Seed Libraries are springing up all over the place and the first one in Albuquerque, New Mexico opened last year at the Juan Tabo branch library in the North East Heights. The ABC Seed Library was instigated through the passion and tireless efforts of Brita Sauer who is a librarian at the Juan Tabo branch. This year Brita wanted to hold an event to bring people together to share their seeds, their knowledge and to inspire others to plant gardens, save seeds and to make use of the invaluable resource of the seed library.
|Collaborative Seed Mural by Jade Leyva|
Seed libraries are places that ‘lend’ or share seeds. They are different from seed banks as their main purpose is to disseminate the seeds to local growers to keep the seeds propagating and adapting. Borrowers are asked to grow the seed and if all goes well at the end of the growing season save the seeds to bring back and replenish the stock. What a simple act of reciprocity! These seed libraries often repurpose there the old card catalogues and offer a wonderful shared public resource. However in 2014 some libraries started to come under attack by their state Departments of Agriculture. One such library is in the small Pennsylvania town of Mechanicsburg. http://www.commondreams.org/news/2014/08/04/agri-terrorism-towns-seed-library-shut-down. This small unassuming library received a letter from the Pennsylvania Department of Agriculture stating that the seed library was in violation of the states Seed Act of 2004. This act focuses on seeds that are sold but they were told that this could be a problem for seeds that were free but mislabeled. This caused a stir through out the national seed library network and has made it even more important to educate the public about the necessary to keep growing out and sharing our local heirloom seeds and the importance of our community seed libraries.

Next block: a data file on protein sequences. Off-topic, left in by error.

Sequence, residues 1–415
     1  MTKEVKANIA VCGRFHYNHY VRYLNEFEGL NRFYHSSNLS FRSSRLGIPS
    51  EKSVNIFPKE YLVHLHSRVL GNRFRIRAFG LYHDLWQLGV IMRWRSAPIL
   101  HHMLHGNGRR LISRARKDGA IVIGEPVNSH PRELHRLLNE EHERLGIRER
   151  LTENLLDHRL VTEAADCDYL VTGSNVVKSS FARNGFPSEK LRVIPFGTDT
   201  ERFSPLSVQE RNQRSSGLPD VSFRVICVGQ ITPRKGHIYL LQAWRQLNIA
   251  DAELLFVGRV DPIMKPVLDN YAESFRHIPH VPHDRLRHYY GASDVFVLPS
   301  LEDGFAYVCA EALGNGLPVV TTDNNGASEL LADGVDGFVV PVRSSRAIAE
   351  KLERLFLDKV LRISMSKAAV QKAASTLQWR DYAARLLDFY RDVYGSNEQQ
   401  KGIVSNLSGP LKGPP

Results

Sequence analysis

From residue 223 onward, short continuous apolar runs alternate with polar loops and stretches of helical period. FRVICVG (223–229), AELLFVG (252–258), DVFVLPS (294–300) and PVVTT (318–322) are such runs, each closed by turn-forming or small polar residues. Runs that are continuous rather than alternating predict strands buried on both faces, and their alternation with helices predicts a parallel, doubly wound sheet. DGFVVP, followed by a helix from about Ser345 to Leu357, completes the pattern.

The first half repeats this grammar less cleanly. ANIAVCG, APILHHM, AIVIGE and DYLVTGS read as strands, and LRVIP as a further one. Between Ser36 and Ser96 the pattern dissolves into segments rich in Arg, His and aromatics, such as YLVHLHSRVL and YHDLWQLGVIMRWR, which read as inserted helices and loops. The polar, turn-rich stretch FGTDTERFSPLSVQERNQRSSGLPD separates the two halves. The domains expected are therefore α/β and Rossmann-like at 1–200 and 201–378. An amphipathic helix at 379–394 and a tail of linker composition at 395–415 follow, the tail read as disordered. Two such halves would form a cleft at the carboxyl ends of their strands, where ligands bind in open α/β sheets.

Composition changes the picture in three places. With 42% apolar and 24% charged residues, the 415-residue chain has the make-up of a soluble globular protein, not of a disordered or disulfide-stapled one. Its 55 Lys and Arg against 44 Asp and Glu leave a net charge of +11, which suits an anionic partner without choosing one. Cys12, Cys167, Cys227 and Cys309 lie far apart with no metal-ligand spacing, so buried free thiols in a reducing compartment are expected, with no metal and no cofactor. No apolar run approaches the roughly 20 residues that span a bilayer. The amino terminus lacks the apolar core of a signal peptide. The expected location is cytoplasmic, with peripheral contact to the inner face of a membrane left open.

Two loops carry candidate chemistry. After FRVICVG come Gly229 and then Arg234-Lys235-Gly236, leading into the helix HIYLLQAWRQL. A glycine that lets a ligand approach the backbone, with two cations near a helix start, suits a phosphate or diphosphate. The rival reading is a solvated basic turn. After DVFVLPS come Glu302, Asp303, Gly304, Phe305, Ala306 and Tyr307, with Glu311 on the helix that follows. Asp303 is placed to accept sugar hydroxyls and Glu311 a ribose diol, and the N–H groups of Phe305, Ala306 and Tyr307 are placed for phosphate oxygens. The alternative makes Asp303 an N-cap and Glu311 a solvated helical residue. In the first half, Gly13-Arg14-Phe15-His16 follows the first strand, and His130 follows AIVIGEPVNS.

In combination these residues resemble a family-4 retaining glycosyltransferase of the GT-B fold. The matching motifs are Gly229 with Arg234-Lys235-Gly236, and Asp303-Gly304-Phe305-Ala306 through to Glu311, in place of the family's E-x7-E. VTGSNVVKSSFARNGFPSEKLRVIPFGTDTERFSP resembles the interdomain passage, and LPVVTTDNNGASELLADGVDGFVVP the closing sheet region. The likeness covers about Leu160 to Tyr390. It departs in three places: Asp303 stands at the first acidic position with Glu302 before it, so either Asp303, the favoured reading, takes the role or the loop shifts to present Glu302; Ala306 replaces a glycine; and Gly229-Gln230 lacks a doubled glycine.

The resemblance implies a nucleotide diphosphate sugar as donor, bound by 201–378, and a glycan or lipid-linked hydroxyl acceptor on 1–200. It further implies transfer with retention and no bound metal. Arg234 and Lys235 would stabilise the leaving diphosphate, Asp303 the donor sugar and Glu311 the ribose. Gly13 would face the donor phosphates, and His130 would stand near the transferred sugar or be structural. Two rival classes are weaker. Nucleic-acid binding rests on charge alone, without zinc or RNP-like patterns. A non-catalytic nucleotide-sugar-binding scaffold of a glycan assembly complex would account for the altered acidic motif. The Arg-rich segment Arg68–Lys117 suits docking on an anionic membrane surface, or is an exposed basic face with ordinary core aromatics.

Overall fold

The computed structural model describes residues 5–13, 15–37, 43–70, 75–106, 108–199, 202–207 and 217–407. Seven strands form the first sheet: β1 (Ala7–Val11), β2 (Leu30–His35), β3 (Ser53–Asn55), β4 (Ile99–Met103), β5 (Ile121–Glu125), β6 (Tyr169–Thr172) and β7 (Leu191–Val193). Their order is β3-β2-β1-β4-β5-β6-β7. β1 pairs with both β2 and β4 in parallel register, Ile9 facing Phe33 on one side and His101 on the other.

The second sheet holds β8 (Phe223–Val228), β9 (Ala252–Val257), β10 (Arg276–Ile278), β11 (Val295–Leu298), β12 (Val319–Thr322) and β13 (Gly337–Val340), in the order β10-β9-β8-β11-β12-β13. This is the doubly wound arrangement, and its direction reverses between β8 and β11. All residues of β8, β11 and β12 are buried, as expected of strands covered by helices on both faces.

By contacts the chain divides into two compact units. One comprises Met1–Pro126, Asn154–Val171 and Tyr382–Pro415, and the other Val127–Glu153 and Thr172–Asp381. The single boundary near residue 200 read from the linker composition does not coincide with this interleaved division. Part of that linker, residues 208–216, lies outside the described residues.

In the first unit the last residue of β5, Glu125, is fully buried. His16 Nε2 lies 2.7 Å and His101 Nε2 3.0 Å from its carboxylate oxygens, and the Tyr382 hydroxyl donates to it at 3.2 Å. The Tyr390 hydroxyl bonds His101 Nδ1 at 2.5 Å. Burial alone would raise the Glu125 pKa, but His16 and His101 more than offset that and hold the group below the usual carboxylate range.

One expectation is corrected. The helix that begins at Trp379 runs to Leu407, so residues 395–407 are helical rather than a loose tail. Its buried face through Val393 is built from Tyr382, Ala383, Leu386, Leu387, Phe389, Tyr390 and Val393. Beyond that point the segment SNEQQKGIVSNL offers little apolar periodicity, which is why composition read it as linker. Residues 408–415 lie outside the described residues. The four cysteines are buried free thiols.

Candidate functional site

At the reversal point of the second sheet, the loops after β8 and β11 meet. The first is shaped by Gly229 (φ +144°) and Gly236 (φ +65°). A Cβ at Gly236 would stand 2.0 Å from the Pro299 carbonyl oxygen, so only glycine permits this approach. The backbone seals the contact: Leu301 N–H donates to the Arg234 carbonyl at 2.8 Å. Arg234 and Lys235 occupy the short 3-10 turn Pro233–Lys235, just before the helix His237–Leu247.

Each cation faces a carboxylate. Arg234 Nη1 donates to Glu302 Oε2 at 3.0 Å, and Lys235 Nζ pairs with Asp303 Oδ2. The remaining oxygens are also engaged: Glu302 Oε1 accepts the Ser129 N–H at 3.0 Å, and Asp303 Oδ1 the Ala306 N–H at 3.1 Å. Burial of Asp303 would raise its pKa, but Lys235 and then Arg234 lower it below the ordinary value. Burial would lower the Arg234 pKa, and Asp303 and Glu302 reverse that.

|Seed Activist Beata Tsosie-Peña|
|Seeds: The Yearbook of Agriculture 1961|
Education was the core of the intent for the Spring Seed Fair. The daylong event started with a seed swap and then moved into a variety of talks about seed diversity, the importance of saving and recognizing our wild seeds and a seed saving workshop. Seeds and their inherent potential bring a great assortment of people together and this event was no exception. Many took part in the creation of a seed mural with Jade Leyva, https://www.facebook.com/SeedsACollectiveVoice listened to the passion talk by long time seed saver Brett Baker, heard the powerful poetry of seed activist Beata Tsosie-Peña from Tewa Women United, http://tewawomenunited.org/ stayed for a seed saving workshop by Sean Ludden of Bosque Seed Collective http://bosqueseedcollective.weebly.com/ and shared their seed stories with us. Stories and knowledge were shared and the many varieties of heirloom seeds exchanged hands. The talks, experiences and workshops hopefully motivated participants to get their fingers in the warming soil and plant, to remember to save their new found seeds at the end of the growing season and to bring them back and replenish their own community seed library.
Listen to some of the seed stories: